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[ba-unrev-talk] The Matrix of Change

http://ccs.mit.edu/papers/CCSWP189/CCSWP189.html    (01)

"One school of change management argues that old practices must be 
"obliterated" and new processes designed from scratch to fully leverage new 
technologies and business realities. In practice, few managers have the 
luxury of re-designing their processes or organizations from "clean sheet 
of paper" - people, equipment and business knowledge cannot be so easily 
scrapped. Furthermore, organizational change almost inevitability becomes a 
learning process in which unanticipated obstacles and opportunities emerge 
(Orlikowski & Hofman, 1996). Recognizing this, movements like Total Quality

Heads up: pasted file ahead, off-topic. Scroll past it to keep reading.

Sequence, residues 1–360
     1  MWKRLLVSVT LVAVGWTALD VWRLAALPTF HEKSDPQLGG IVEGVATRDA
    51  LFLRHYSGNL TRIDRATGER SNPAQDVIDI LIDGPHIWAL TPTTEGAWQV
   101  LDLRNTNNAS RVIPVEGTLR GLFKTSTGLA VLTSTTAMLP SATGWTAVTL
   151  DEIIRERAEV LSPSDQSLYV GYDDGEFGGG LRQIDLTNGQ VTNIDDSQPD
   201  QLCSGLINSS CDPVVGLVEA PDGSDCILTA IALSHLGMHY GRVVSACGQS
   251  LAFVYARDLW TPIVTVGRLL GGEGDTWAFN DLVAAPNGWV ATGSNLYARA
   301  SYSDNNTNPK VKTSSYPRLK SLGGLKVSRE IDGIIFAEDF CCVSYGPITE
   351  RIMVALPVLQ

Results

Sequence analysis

Management have sought to institutionalize continuous learning and 
incremental improvement. This approach has been formalized and greatly 
aided by tools like statistical process control and the "House of Quality" 
(Hauser & Clausing). However, some types of organizational change are 
riskier if undertaken piecemeal or incrementally. Existing tools are often 
inadequate when radical change is contemplated (Davenport & Stoddard). To 
make matters worse, when the costs of change are considered, it may not 
even be clear whether the best course is to strive for radical change, 
incremental change or no change at all, even if a potential organizational 
goal is precisely envisioned and represents an unambiguous improvement. "    (02)

Now, is that about OHS, or what?    (03)